How often did you have existential crises where your life was going, after the big jump?

I don’t think I can count how many times I doubted myself. I knew I didn’t make a bad decision to quit work and do music. I only felt sad because of my mother, I never felt sad for myself. I would think about the days when I was making a monthly income, I would contribute to the house. But once I left work and exhausted my savings, it was like I want back in time and started depending on my mum again. I don’t mind the falls of the career. Every great person has those stories. Since last year, a lot of things have changed. It’s a little brighter now, I’m definitely not where I was when I started.

A question I seem to ask certain types of musicians a lot is: If you could be you, Maka, the soul singer, in any era from the 1920s to now, what era would you choose?
That’s easy. The fifties. I love the music from that time. The music was amazing. Names like Frank Sinatra, Billie Holiday… The way of life was simple and free, organic.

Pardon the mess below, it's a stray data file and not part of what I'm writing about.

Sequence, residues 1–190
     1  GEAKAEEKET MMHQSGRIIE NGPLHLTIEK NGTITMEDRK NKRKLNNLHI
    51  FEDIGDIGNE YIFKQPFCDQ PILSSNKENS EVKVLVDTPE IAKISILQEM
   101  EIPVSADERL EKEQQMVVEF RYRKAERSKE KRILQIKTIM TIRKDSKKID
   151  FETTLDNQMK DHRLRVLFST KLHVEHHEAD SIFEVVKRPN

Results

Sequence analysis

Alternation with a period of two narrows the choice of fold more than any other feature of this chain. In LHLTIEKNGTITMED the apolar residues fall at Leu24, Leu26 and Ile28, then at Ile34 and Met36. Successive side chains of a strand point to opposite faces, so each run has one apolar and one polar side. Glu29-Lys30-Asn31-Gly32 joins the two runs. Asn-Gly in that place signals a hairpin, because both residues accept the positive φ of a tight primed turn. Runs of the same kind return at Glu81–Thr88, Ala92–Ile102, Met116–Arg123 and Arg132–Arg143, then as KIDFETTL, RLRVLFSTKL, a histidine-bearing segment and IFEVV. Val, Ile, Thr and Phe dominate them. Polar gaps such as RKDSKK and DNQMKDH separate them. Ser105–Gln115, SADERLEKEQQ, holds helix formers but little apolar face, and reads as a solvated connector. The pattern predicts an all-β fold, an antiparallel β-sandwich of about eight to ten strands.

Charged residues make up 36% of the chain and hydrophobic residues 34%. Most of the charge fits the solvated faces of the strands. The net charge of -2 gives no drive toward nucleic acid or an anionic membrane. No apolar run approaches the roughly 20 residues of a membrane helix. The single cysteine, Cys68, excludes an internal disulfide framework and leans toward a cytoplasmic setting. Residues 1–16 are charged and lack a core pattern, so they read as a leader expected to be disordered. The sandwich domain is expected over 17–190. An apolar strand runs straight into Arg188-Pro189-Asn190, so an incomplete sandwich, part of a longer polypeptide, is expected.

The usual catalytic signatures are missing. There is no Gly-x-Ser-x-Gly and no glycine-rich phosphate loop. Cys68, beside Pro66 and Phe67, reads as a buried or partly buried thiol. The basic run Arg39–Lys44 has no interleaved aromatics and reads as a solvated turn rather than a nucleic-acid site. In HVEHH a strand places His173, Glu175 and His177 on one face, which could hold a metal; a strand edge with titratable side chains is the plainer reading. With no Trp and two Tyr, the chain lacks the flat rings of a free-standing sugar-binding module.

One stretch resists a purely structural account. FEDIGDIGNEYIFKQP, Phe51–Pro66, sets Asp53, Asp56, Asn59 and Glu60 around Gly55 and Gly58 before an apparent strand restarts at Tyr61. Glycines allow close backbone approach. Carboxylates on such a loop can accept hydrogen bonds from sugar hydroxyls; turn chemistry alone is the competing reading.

I was having a conversation about how important a female musician’s fashion sense is to their entire “brand.” For lack of a better word. I argued that that’s not necessarily true if the content is of value. How important do you think image is to you as an artiste?

Image is very important. It’s a good way to market your product. Someone doing pop music would have to focus on the fashion side of show business. Butn the flip side, for someone like me, – our eccentricity is what makes us really sell – being myself and focusing on the music still sells. I wouldn’t say I’m into fashion, I just like to express myself when I dress. Somedays I might be feeling groggy, which happens very rarely. Most days I feel somehow, deep down like a hippy, that Erykah Badu vibe and wear a kimono and flared pants. If I had my way, I would always wear a kimono and flared pants. At the end of the day, it’s still all about the music.